According to hospital officials, a critical part of the success of this program is patient education. In the article that appeared in the Beacon News on January 15, "As our culture shifted toward a more relaxed attitude about delivering early, it was apparent education was needed by both patients and medical staffs."
The obvious solution to the patient education need is childbirth education! However, the education for medical staff may be a little more tricky. Due to the limited OB curricula in nursing schools and residency programs, few nurses or physicians are trained (and therefore skilled in) the art of supporting women through what is known as physiologic birth. Physiologic birth, formerly known as natural childbirth or normal birth, involves honoring the mechanics and hormonal responses of the body for birth, limiting interventions and medications, and enhancing the physiologic/mind/spiritual link between mother and baby. Even though the number of interventions in childbirth has increased exponentially in the past decade in the U.S., the U.S. maternal and infant mobidity/mortality has NOT improved; rather those statistics have gotten progressively worse. It becomes clear that an increase in intervention during childbirth does NOT improve outcomes.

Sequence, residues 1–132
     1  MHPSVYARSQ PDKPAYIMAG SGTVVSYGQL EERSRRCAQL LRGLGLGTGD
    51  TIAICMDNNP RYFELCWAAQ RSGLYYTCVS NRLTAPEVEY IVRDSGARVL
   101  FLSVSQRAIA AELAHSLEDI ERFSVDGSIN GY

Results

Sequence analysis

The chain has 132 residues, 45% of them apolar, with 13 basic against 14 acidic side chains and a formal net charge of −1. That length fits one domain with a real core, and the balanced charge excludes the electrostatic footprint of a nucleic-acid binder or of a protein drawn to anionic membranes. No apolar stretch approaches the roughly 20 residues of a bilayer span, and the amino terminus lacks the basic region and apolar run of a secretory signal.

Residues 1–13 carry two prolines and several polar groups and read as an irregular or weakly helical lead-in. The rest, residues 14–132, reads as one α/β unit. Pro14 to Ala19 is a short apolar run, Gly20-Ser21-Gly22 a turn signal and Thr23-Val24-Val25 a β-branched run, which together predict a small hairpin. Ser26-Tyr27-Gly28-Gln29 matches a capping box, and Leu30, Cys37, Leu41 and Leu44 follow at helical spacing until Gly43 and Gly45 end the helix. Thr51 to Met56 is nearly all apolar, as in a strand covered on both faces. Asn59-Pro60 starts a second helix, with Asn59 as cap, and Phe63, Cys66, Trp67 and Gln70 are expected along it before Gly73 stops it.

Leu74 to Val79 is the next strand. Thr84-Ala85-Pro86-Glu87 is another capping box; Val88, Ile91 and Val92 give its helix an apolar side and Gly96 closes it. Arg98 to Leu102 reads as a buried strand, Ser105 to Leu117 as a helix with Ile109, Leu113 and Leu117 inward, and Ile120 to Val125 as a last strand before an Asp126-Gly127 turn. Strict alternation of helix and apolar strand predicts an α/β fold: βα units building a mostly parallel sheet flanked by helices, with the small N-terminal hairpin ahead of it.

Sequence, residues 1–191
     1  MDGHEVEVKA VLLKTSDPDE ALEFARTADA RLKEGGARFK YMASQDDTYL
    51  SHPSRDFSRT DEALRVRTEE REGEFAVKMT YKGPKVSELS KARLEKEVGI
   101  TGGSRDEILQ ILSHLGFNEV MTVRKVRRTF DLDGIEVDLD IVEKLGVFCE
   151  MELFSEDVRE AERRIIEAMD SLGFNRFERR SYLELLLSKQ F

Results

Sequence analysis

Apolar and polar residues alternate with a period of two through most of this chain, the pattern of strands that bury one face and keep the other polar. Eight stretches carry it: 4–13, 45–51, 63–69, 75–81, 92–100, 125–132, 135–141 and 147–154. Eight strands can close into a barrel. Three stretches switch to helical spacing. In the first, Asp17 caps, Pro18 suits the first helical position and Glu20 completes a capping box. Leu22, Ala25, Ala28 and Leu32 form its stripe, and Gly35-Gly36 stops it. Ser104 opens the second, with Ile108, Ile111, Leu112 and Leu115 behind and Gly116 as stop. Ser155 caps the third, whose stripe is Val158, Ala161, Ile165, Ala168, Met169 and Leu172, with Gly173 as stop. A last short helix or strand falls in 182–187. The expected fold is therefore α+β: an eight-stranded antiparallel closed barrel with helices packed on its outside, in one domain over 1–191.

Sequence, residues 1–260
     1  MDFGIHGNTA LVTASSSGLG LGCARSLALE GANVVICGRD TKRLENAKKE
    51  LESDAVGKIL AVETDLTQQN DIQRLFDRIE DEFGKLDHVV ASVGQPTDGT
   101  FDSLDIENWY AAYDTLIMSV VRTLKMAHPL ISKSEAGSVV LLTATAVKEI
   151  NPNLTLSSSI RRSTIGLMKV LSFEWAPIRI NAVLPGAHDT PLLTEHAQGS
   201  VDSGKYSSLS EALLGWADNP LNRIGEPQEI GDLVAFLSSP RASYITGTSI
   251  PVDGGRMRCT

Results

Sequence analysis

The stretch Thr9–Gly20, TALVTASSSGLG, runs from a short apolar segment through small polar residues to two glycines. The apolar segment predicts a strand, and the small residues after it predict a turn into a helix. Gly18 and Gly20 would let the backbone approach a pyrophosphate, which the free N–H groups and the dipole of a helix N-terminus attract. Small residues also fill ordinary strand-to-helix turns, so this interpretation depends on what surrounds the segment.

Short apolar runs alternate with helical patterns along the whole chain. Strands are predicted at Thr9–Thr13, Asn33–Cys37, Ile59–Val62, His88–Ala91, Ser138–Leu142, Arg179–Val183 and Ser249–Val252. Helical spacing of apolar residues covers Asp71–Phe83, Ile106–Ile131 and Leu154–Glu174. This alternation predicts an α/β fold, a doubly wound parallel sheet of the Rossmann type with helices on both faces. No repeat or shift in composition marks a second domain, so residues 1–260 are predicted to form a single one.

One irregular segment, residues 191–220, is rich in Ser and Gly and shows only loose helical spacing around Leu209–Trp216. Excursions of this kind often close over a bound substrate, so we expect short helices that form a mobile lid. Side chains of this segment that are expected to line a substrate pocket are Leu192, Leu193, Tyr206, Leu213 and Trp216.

Some call this hands off method of childbirth the midwifery model of care. Rather than label it and cause a riff in the maternity profession, call it what it is....physiologic birth. Stop quibbling. And honor physiologic birth for reducing the admissions of near-term/preterm infants into the NICUs.
The article goes on to make these points:
"Based on data, hospitals participating in the 2011 March of Dimes project can expect to reduce pre-term births and admissions to the NICU by 15 to 20 percent, Crouse said. That is significant from both a health and cost perspective. The typical hospital bill for a full-term baby is about $2,000, he added. That can be 10 times higher when a baby is in the NICU."
We applaud all of the hospitals who are joining with the March of Dimes in this endeavor! Seventeen Illinois hospitals applied to be part of the March of Dimes program. Others that were selected are Decatur Memorial Hospital, St. Elizabeth’s Hospital in Belleville, St. Joseph Hospital in Breese, Katherine Shaw Bethea Hospital in Dixon and the University of Illinois Hospital at Chicago. Also participating are five hospitals in California, Texas, New York and Florida.